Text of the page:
Jules-Arsène Garnier: Punishment for Adultery
Jules Arsene Garnier was born in Paris in 1847. He was a pupil of Jean-Léon Gérôme (1824-1904), a teacher who insisted on the highest standards of figure drawing. Although Garnier did not travel to the East, he did visit Spain and Holland, perhaps with Gérôme in 1874 to study the work of Frans Hals.
Les Supplice des Adultères was shown at the Salon in 1876. One of 2095 paintings selected for the show, Garnier was in the company of Clairin, Puvis de Chavannes, De Nittis and Gérôme. Their entries were inspired by Sarah Bernhardt, Ste. Genevieve, the Pyramids and Arabia. Les Supplice des Adultères was a result of a quote from Ludovic Lalanne (1815-1898). Lalanne was the author of Curiosities des Traditions, des Moeurs et des Legendes in which he described the punishment of discovered adulterers, who were disrobed and censured before the village. Garnier looked to literature for inspiration.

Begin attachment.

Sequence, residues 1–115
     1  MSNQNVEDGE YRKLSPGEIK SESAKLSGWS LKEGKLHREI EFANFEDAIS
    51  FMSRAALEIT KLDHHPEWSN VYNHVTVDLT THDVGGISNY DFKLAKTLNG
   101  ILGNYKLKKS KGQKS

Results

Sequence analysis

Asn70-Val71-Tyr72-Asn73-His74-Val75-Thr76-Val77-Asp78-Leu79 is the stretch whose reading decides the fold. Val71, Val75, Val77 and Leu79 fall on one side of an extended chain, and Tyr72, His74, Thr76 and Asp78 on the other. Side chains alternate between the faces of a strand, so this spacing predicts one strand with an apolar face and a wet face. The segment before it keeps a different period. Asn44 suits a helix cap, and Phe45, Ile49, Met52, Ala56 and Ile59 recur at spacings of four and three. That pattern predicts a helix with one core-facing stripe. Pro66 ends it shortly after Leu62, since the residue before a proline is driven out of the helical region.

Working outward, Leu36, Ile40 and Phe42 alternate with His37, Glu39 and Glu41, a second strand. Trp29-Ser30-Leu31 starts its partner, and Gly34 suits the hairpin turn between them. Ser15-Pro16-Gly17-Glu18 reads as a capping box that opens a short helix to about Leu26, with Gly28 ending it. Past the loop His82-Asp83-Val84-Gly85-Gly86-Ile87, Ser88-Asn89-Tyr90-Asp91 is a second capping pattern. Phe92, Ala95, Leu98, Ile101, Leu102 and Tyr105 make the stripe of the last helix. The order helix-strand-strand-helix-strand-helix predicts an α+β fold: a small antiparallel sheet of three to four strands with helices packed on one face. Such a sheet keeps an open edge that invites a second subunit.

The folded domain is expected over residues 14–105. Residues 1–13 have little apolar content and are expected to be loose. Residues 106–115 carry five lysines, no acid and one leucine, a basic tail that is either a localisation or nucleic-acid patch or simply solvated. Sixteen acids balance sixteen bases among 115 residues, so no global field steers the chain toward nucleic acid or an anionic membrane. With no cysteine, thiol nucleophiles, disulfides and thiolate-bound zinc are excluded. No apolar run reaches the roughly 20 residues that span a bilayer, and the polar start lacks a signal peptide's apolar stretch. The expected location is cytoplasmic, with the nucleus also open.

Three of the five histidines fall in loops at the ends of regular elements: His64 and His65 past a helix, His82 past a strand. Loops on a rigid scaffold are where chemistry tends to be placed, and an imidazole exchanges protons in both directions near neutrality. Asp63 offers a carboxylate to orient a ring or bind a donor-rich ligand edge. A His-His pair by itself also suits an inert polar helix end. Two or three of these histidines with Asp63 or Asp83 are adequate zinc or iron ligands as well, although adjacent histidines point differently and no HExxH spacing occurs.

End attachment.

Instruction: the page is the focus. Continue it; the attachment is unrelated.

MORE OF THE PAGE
It is these illustrative qualities that give Les Supplice des Adultères its visual excitement. Attention to costume and architectural detail transfers us to another time and place. The critic Victor De Swarte, in his review of the Salon, complimented Garnier in his high-spirited interpretation of the punished adulterers, and "...un specimen exact de l'architecture du Moyen Age." [Christie’s]